Loads of Learned Lumber

Monday, October 17, 2011

Jonathan Safran Foer, _Extremely Loud and Incredibly Close_

TO BE HONEST, I did not care for Everything Is Illuminated and had no plans to read Extremely Loud And Incredibly Close, but then it ended up being one of the monthly selections of the book club, so... oh, well.

I enjoyed it more than I did Everything Is Illuminated. It certainly has what we could call a family resemblance. Oskar Schell, our narrator, is as richly provided with quirks as was Alex Perchov. We again have personal traumas nested within historical ones, the Holocaust in Everything, 9/11 and the Dresden fire-bombing in Extremely. In both novels, New World descendants come to terms with what happened to Old World ancestors.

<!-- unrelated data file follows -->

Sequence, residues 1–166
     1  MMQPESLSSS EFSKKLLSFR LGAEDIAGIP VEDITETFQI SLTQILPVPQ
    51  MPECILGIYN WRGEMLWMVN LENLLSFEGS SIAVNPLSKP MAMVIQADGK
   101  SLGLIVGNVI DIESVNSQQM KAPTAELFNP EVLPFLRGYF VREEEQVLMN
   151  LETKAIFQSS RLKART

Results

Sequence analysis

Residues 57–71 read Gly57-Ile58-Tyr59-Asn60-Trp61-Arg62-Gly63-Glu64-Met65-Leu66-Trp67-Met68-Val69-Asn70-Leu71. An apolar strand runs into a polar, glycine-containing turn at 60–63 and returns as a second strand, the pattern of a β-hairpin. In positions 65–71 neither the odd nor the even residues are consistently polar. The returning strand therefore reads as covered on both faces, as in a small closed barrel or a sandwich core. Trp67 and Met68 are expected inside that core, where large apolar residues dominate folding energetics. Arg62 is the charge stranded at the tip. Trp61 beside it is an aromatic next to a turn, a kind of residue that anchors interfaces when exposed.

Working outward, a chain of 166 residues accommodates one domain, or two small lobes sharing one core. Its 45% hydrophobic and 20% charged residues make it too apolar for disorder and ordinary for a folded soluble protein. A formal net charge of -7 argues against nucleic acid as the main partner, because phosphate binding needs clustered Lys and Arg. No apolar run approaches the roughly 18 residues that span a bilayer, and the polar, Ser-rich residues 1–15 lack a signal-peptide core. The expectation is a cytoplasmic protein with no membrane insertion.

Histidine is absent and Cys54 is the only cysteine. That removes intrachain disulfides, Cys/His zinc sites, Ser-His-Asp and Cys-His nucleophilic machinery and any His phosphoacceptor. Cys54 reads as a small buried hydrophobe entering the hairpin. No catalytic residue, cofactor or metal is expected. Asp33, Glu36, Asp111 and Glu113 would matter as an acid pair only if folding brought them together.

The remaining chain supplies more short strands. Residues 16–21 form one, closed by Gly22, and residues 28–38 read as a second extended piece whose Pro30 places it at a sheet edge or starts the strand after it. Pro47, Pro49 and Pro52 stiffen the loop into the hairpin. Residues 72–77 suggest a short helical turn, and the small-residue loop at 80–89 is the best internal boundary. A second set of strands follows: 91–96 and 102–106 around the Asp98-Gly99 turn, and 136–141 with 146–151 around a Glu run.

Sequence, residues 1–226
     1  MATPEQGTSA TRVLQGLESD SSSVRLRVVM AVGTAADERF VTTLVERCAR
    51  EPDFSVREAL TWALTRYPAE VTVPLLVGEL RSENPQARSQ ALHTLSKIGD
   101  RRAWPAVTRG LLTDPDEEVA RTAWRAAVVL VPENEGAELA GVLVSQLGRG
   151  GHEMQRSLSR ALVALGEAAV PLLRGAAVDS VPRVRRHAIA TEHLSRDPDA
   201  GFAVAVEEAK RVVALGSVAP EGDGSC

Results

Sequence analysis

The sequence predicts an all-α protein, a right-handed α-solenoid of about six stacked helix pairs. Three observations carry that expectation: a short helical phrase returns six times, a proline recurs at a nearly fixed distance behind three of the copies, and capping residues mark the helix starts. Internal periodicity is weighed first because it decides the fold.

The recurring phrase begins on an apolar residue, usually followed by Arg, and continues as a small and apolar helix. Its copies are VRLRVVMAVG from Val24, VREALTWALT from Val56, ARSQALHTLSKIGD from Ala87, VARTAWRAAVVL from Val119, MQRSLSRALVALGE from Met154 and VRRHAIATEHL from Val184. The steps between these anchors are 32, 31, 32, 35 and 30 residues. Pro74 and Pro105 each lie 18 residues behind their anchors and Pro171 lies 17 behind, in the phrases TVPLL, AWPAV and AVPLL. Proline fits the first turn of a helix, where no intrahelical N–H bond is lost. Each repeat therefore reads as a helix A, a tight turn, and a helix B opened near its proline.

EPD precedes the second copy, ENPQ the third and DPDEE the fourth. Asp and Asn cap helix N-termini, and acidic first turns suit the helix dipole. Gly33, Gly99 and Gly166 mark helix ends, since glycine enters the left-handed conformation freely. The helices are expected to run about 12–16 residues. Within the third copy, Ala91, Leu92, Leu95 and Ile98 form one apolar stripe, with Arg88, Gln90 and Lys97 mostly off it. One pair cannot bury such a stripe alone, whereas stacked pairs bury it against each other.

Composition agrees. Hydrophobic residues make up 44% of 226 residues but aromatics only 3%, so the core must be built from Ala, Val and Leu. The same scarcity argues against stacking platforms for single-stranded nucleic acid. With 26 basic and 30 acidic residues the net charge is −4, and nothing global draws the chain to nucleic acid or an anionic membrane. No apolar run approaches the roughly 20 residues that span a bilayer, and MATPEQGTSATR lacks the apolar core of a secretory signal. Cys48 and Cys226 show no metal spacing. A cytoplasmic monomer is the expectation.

I cannot quell my suspicion that J. S. F. is drawn to historical trauma and Old World settings because they all by themselves (he might hope) lend a gravitas that his fictions otherwise would not quite attain. For my money, Joshua Cohen blows him out of the water.

But I was fond of the almost Dickensian A. R. Black, his index cards and exclamation points, and I loved that Oskar was cast as Yorick in his school's streamlined production of Hamlet. I may give Foer's third novel, when it comes, a shot. I won't be letting him tell me what to eat, however.

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